What we're all about...

Wake County District Court Judge Anna E. Worley, elected in 2008 and up for re-election in 2012, has been a controversial figure in Wake County family courtrooms. Parents' stories range from curious to downright shocking. As a custodial parent required to endure Worley's apparent lack of wisdom and seemingly arbitrary decisions, I am fighting back against a system whose very slowness and apathy has caused great suffering for my children. After nearly 3 years in Judge Worley's "family" court room, I have emerged with sole legal and primary physical custody of my three children. As thankful as I am for my own personal custody hell to be over, the years spent in Judge Worley's courtroom, the months spent awaiting orders rendered to be entered, the letters written to staff and the Chief Justice to force entry of a final order were nothing short of excruciating for my three children and myself. I will work tirelessly to ensure that I make the public aware of Worley's philosophy, rulings, and courtroom demeanor. Citizens must vote from a position of knowledge rather than ignorance.

31 January 2012

NC Bar Association Kicks Off Its Judicial Performance Evaluations

Last summer, unbeknownst to most commoners, the NC Bar Association began a little survey designed to help us all see who we're voting for and what their performance record has been over the past 4 years.  For those who voted for Worley in 2008, you're excused.  She had no record to review.  Now, all bets are off.  Here's the article kicking of the legal community's evaluation of her:

Article Date: Tuesday, May 03, 2011
The North Carolina Bar Association’s Judicial Performance Evaluation survey of Superior and District Court judges up for election in 2012 begins this week and continues through May 31.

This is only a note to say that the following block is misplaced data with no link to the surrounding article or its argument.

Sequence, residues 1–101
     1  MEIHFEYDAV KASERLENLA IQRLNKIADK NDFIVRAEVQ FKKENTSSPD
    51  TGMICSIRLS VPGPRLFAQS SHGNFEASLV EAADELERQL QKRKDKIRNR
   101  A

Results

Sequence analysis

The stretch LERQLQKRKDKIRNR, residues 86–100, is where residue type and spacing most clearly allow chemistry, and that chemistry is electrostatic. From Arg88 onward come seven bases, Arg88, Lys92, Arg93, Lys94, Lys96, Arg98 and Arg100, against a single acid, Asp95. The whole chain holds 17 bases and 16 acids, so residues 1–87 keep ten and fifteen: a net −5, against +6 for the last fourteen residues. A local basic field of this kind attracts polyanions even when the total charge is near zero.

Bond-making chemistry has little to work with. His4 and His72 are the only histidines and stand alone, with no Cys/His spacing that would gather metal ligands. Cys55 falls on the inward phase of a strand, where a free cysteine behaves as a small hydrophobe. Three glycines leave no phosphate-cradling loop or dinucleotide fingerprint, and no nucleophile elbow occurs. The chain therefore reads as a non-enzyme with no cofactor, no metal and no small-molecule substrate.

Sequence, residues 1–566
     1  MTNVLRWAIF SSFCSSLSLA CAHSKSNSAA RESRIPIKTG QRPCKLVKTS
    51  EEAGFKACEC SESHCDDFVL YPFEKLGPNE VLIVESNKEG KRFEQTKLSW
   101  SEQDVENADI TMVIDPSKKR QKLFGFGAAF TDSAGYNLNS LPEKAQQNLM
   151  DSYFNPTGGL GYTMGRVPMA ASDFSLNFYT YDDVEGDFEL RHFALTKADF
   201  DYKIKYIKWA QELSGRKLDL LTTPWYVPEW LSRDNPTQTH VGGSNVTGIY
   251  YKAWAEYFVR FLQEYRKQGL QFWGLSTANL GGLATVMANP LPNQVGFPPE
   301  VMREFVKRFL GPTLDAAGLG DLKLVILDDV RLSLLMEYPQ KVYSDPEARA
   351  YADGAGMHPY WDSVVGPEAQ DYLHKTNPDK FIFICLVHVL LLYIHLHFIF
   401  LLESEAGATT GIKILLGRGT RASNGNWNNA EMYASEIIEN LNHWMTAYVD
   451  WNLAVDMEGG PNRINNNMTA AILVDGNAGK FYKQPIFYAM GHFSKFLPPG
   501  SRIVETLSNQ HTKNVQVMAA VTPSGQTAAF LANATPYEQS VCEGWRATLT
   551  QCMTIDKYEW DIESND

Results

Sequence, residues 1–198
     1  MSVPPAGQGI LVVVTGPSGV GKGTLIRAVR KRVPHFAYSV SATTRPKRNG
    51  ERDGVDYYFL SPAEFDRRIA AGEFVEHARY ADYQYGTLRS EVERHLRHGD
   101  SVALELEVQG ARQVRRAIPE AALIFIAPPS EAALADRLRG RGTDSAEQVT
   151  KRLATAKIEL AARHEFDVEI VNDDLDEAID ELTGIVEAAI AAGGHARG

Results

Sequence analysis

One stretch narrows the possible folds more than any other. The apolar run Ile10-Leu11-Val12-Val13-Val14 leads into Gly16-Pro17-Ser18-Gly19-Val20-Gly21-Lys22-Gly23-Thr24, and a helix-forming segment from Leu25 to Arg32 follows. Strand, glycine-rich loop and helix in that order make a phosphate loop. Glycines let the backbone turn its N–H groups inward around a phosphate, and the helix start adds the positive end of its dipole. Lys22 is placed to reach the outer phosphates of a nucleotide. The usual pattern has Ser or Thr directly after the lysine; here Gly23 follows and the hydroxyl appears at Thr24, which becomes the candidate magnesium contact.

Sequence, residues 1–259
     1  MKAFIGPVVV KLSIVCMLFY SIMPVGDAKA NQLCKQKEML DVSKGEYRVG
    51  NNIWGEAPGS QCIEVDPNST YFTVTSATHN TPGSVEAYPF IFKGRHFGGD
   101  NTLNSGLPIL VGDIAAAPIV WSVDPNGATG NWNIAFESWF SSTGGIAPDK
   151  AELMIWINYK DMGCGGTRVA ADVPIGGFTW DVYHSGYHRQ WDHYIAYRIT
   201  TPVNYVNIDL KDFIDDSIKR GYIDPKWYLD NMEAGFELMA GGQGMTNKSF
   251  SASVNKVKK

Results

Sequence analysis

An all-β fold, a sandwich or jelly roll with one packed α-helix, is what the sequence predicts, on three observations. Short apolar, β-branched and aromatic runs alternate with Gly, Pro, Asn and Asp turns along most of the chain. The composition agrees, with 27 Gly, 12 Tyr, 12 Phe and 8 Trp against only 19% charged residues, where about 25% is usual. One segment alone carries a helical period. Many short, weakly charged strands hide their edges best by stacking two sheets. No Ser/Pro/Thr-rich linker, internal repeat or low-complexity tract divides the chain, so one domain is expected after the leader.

All North Carolina lawyers who have had professional contact – sufficient to form an adequate basis for evaluation – with any of the listed judges, are urged to complete a survey for all such judges. Your professional contact with a judge need not be restricted to courtroom appearances before that judge.

Participation is key to the success of this endeavor!

The process for conducting the surveys will be initiated electronically, beginning Wednesday, May 4, with an email from NCBA President Gene Pridgen alerting you that the survey will be transmitted within 24 hours. Additional information regarding the process will be contained in that email.

Then, for security purposes designed to ensure the confidentiality and anonymity of your participation, the survey itself will appear “From” bcrossland@bdo.com or survey-noreply@smo.surveymonkey.com, or some variation thereof, depending how you receive email. This email is also submitted over the signature of the NCBA president.

The keywords to remember are bcrossland and surveymonkey – this is not spam and you may need to check your spam filter to make sure that your system did not interpret it as such.

This survey is being administered by the accounting firm of BDO USA, LLP. A Ph.D. statistician has approved the design and methodology of the survey. BDO USA, LLP will receive your survey and protect your anonymity. The link provided for taking the survey is uniquely tied to your email address, to assure that only licensed N.C. attorneys participate in the survey, and that each attorney participates only once.

BDO USA, LLP will provide numerical ratings for each judge. Your email address will not be linked to any results released by BDO USA, LLP to the NCBA, to any judge, or to the public.

You may request a paper survey instead of an electronic one. Make the request to gfranks@bdo.com.

All district attorneys, public defenders, their assistants, and other government attorneys will automatically be mailed paper surveys. A government attorney who does not receive the survey by mail is encouraged to request a paper survey.

For additional information, email jpe@ncbar.org or contact David Bohm at dbohm@ncbar.org or 919-657-1553.